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   ARTICLE   |   From Scotsman Guide Commercial Edition   |   September 2013

Get Back to the Basics of Lending

Don’t overlook lenders’ core requirements for funding

Veteran commercial mortgage brokers may remember how easy lending was before the financial crisis. Lending terms were relaxed and many stated-income applications secured loans of as much as 100 percent. This was a time when many didn’t foresee the approaching collapse of the housing market that shattered the global financial system.

In the aftermath of the financial crisis, the situation has changed dramatically. Under regulatory pressure, lenders have adopted stricter lending policies to lower the risk of borrower default. In turn, borrowers have been struggling to qualify for lending as the ripples of the financial crisis hit their businesses and finances. The good news is that commercial lending has been picking up.

Whether you’re just beginning in a commercial brokerage or you’ve survived the market’s ups and downs, to succeed in today’s environment, it is important to go back to the basics and focus on the criteria that lenders review in almost every deal. First, review the six C’s of commercial lending:

  1. Capital: This includes the company’s capitalization, reserves, statement, net worth, etc.
  2. Capacity: Borrowers should demonstrate the ability to repay the loan.
  3. Cash flow: Borrowers should show a debt-service-coverage ratio of at least 1.3.
  4. Character: Mortgage brokers should work with their clients on evidence of borrowers’ character, integrity and professionalism.
  5. Condition: This includes a combination of the deal’s business analysis and valuation, as well as a feasibility study of competition and the marketplace.
  6. Collateral: Borrowers should provide a strong collateral consideration and other securities.

Second, keep in mind that loan terms in commercial deals can run anywhere from one year to 10 years. Third, although loan-to-value (LTV) ratios vary, expect a range between 50 percent and 80 percent. In some loan types, like some U.S. Small Business Administration loans, LTV ratios can be as much as 90 percent.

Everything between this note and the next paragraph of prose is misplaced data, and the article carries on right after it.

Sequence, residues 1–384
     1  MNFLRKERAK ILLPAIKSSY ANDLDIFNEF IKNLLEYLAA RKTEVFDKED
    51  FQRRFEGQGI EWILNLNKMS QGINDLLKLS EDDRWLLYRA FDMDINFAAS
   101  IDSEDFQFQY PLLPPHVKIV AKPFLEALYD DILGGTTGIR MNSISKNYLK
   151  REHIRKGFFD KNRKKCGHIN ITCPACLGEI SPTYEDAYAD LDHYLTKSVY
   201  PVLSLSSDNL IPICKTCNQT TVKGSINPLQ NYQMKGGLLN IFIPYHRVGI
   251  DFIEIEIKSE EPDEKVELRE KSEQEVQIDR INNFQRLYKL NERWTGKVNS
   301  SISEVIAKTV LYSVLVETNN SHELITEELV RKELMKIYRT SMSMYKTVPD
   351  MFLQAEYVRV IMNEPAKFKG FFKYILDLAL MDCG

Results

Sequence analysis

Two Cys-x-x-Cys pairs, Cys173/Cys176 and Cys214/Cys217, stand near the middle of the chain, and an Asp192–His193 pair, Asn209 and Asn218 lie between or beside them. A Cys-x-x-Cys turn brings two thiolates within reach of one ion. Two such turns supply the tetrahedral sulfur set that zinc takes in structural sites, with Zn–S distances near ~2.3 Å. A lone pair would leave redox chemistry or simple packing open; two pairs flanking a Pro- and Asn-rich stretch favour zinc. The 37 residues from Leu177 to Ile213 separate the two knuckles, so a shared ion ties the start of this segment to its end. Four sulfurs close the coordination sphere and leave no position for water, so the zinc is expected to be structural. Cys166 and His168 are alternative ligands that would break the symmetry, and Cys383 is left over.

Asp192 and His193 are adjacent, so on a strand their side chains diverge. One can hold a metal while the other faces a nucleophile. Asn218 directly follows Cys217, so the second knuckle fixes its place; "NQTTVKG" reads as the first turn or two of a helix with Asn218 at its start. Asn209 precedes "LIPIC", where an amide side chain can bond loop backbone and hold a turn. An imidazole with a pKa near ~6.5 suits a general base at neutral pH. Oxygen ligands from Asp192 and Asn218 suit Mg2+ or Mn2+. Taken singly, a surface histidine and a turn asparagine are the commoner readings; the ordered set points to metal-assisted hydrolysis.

Fourth, make sure that your clients’ documentation is complete and satisfactory with regards to lenders’ requirements. Documentation should include the following: the project’s executive summary and history; financial statements of the borrower and the business; schedules of real estate owned; a summary page of any recent appraisals; details of paid-to-date costs and costs to complete; pro forma cash flow; and net operating income.

Finally, help your clients be prepared for lenders’ fees. Unlike residential lending, commercial lenders will charge certain upfront fees like an application fee, a due-diligence fee or a retainer to cover the typically costly due diligence involved in the processing and underwriting of each file. These costs may cover blocking funds, underwriting, ordering appraisals, borrower investigations, feasibility reports, legal fees and any other costs required to perform due diligence on the loan file. In addition, the upfront fee also is meant to prevent borrowers from shopping around while a credit application is being processed thoroughly.

Commercial mortgage brokers who learn and develop in their career without losing sight of the basics of mortgage lending are the ones who will be able to deal with today’s market and be prepared for future turbulence. 


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